The Choices For The Remains Of Our Lives

There was a time when each day was packed with something I had to do, with tasks delegated to a specific hour and like many, I was conditioned into thinking if I achieved all of this then it was normal and showed that you had leadership qualities. I used to think I had done well when I juggled work conversations while in the bath, and as I was jumping on the tube or bus, but now cringe when I think back at how life was passing me by. I was on a train recently, and saw a man doing what I used to do, juggling calls to feel important, but then as he tried to get off the train quickly a lady in a wheelchair was getting off and he had to choose to wait, or to try and squeeze past her which isn’t the done thing. He had lost control.

I recently watched snippets of ‘The Remains of the Day’ (by Kazuo Ishiguro) a film back in the 1990s, and I had not watched it because I was too busy ‘living’ or rather learning about life. People will have read the book and watched the film as a love story, but what struck me more is that Stevens, the butler who narrates the film (from his perspective and memoirs) shows us that life can pass us by, just as the day can and what we are left with are the remains of the day where we have private time to do what we wish, and the remains of our lives to do what we have always yearned to do.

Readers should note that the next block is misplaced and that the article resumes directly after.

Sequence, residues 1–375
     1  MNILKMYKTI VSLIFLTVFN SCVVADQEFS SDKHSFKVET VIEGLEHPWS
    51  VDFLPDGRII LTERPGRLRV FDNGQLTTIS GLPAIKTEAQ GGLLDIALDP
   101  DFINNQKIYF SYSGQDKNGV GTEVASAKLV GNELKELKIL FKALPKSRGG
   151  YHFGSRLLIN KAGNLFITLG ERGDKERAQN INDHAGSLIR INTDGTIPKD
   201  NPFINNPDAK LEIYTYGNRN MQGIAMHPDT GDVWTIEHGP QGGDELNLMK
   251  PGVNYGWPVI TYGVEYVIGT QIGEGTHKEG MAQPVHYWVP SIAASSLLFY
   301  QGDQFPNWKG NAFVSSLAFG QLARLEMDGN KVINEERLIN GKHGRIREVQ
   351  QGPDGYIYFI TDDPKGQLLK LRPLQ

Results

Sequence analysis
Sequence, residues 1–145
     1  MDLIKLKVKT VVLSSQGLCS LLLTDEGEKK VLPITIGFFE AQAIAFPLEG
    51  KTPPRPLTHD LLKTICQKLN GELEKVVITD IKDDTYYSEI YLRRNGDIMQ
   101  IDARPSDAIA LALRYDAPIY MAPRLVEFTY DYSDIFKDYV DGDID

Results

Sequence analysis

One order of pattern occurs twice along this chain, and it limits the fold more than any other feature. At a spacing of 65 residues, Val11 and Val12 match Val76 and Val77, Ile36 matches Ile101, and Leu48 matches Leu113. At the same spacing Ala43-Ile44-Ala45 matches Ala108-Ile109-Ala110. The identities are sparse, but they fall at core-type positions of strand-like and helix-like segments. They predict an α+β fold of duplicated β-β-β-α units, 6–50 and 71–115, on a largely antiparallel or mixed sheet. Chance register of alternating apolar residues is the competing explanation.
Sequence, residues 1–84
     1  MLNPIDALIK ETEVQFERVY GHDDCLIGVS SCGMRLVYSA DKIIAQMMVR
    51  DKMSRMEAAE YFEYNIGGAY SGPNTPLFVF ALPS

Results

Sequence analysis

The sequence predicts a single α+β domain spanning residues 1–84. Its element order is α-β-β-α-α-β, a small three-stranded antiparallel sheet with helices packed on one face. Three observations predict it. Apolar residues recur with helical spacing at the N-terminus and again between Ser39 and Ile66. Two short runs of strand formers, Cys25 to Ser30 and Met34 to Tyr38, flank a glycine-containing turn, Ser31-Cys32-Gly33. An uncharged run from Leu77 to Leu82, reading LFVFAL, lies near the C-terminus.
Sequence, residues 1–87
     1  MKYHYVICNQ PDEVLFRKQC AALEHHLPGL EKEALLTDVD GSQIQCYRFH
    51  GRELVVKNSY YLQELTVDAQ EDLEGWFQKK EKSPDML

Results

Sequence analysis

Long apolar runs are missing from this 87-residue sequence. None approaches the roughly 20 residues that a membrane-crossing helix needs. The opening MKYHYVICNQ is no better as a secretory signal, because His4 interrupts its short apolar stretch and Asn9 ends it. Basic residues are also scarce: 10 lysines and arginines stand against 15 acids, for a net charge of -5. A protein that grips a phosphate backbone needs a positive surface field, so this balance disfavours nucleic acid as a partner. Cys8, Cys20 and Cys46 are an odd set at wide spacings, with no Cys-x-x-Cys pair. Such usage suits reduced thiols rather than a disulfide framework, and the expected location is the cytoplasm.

As a butler, he served his employer with such loyalty that he forgot about his own life, and even missed his father dying to serve at a banquet by putting the needs of his employer first. I doubt the guests and employer would have taken a moment to applaud his loyalty. Very often in life we can be too preoccupied with pleasing others, or trying to, and forget about ourselves and what is important. We assume that others will appreciate our sacrifices, but that is not always the case. We forget that our incarnation and time on this plane is short and that we should make choices for the self, and balance that with helping others, and not act solely on the needs or whims of others.